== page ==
It was one week before Advent (Thanksgiving Day to be exact). My husband left early for a football game with friends, while my three young daughters and I enjoyed a breakfast together, talking about gratitude. Then the conversation switched to Christmas. My girls reminisced about our family tradition of listening to their dad read the story of the Nativity from Luke 2 before exchanging gifts.
A thought occurred to me: What if we modified our tradition and turned it into a surprise for their dad? What if the four of us memorized and recited the Christmas story to him instead?
We were already memorizing Scripture together over breakfast each morning—me reading, and my girls repeating, a new verse every day or two. The length of the Nativity story and the number of weeks remaining would divide out perfectly. I suggested making Luke 2 our new memory passage to present to their dad on Christmas.
The idea captivated my young girls; they love surprises! Dad would be out of the house for a few more hours. We could start immediately.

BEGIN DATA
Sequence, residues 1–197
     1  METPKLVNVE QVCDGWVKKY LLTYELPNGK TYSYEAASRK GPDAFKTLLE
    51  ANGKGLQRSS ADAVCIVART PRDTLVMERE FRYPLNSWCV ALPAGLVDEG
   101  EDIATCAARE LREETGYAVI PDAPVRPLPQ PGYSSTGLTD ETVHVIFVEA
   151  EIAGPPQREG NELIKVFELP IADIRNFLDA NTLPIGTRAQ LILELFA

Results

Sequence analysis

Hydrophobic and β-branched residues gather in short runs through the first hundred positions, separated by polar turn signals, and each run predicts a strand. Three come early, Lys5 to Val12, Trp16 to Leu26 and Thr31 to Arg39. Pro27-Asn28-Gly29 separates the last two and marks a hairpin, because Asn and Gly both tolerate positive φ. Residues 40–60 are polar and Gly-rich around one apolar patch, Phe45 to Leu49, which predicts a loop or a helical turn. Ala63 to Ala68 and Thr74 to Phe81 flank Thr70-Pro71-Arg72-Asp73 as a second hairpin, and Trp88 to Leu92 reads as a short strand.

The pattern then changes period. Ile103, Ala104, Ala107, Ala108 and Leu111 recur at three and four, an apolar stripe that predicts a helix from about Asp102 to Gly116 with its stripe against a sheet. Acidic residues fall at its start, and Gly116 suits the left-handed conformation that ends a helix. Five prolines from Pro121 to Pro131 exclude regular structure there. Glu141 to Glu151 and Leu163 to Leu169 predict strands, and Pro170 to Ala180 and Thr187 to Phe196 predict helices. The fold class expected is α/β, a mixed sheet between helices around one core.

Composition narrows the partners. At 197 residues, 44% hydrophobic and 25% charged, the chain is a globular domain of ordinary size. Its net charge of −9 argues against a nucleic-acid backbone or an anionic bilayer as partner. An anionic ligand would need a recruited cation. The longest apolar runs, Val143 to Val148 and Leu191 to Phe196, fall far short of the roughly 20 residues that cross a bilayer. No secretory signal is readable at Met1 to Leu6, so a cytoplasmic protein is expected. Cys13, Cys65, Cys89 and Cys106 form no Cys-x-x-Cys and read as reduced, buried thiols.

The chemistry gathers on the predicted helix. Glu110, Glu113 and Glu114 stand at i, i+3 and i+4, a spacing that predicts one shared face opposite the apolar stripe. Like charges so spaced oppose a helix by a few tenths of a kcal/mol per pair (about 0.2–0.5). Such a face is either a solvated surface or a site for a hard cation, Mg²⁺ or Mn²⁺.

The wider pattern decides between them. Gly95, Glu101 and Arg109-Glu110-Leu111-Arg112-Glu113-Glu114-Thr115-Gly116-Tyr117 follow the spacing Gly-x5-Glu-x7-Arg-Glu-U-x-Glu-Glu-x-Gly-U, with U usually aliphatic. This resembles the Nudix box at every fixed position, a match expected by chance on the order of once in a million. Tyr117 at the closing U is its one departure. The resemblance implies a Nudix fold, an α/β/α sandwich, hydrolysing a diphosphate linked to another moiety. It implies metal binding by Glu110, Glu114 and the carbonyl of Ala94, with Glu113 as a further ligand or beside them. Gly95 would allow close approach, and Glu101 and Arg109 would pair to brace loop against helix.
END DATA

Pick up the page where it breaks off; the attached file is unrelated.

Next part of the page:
After a few readings through the passage, a plan formed. We could heighten the surprise if we allowed Dad to begin reading as usual and then jumped in to recite the rest. My eldest wanted to take the first few verses alone. Her younger sister agreed to recite a few more. And of course we would repeat the angel chorus together, with my youngest daughter piping in a few lines to follow. Then I would wrap it up.
The weeks went by. Amid all the shopping and baking, my kids looked forward most to our secret memory work. Images of how their dad would react on Christmas morning dominated their thoughts and propelled their minds to absorb the verses. At odd times during the day I would hear one child reciting snatches from the story aloud to another. God's word about The Word made flesh as an infant permeated our Advent days.1